We made the decision to try to recruit a development team in the Americas. While I had worked with remote developers in Europe before and had seen both the advantages and disadvantages, I did not have experience hiring and working with a team in Central and Latin America. With the help of our recruiter, [Julian at Aura Recruit](https://www.linkedin.com/in/julian-simon-parson-32803a11b/), we were able to build a team in just 2 months. This team is a pleasure to work with - Sebastian, Matheus, Oscar, Jorge, and Daniel!
They are mature, focused on the product in addition to the technology, and are each a leader in their own right. Each acts as a product manager and as a developer relations person, while still holding down their “day job” of being a back-end or front-end developer. If you have ever wondered about hiring a team in the Americas, I can highly recommend it.
## Developing Software Based on a New Concept
Testing tools are hardly new. Testing tools that execute against a back-end application have existed since the 1990s. They typically involve defining a method to trigger a test, perhaps hitting an API, and then creating assertions against the response data.
Trace-based testing has some entirely new challenges, as you are asserting not only against the response data, but against the distributed trace. The trace is a tree like structure, with activities branching off from the main call.
One of the main challenges we had was how to write assertions against this tree, as it was not flat like simple response data is. We came up with a solution which will be familiar to front end developers - using a selector. We modeled our selectors on the CSS selector language, and the assertions in Tracetest, called test specs, have two components:
- A selector specifying what span or spans to apply the assertions against.
- One or more assertions to apply against any of the spans matching the selector.
This decision created some options for very powerful assertions. In one test spec, we can specify that any gRPC process in the system should return a status code of zero. This singular check applies across every call involved in the trace. It is also self maintaining, as it will test any new gRPC calls that are added into the flow for that operation.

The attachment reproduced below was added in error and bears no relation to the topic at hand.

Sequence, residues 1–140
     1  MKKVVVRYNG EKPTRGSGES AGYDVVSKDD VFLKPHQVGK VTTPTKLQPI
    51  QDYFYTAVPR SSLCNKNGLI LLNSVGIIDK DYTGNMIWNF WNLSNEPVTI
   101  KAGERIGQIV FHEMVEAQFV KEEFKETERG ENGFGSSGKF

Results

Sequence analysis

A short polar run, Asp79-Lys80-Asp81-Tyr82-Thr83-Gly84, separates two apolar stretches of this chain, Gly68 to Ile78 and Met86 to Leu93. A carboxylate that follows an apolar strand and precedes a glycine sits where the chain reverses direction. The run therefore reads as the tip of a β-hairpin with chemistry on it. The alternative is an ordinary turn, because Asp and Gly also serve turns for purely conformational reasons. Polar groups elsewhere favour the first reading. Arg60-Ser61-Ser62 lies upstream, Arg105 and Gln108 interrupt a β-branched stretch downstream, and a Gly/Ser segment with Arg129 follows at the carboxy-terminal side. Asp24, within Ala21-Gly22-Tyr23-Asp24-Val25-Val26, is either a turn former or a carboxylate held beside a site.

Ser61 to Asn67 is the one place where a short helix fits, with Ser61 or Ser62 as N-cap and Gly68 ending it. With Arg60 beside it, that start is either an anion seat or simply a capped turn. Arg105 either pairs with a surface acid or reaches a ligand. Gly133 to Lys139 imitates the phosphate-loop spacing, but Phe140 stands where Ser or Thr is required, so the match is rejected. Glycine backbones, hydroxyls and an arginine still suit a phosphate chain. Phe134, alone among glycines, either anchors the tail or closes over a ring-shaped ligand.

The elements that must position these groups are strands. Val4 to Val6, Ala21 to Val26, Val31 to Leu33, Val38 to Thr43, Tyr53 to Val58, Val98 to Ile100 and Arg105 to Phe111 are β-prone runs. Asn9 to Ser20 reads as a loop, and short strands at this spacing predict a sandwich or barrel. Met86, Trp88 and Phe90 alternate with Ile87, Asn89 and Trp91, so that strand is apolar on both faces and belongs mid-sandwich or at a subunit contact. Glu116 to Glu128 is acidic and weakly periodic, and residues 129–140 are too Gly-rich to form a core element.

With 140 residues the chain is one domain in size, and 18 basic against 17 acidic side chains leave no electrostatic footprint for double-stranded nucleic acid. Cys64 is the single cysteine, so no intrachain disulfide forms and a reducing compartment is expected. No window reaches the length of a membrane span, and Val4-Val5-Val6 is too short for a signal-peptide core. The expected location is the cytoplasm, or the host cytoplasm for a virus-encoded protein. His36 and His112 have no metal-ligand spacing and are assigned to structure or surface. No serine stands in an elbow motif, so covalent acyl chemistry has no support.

name: Books list with availability
description: Testing the books list and availability check
- key: Content-Type
- selector: span[tracetest.span.type="http" name="GET /books" http.target="/books"
- attr:tracetest.span.duration < 500ms
- selector: span[tracetest.span.type="general" name="Books List"]
- attr:books.list.count = 3
- selector: span[tracetest.span.type="http" name="GET /availability/:bookId" http.method="GET"]
- attr:http.host = "availability:8080"
- selector: span[tracetest.span.type="general" name="Availablity check"]
- attr:isAvailable = "true"
A third challenge was the user interface. With a trace-based test, there is a lot going on! In addition to the normal flows in a test tool, such as seeing a list of tests and test runs and defining a test and seeing the response and having assertions applied against it, we had an entire trace to show and enable test specs to be created against. We have kept Olly, our UX designer, busy. We opted to create our initial versions ‘wrong’, accepting that we needed to see and use it before we could hope to get an elegant flow. It has taken multiple tries, but we now have a version that ‘flows’ as you create tests and view the results.
### UX - April 26th, 2022 - v0.1 MVP
### UX - August 26th, 2022 - v0.6
### UX - v0.11, April 26th, 2023
## Getting the Word Out
New concepts are, by definition, new. There is no existing model, and potential users have no prior experience with which to base understanding the new concept. My previous startup, which we began in 2008 and sold in 2016, was named CrossBrowserTesting.com. As you may imagine, it was used to do cross browser testing, providing the ability to do live testing, take screenshots, and do automated selenium testing across a wide range of browsers and devices. It was simple to explain, and with several competitors in the marketplace there was a general understanding of what to expect from the product.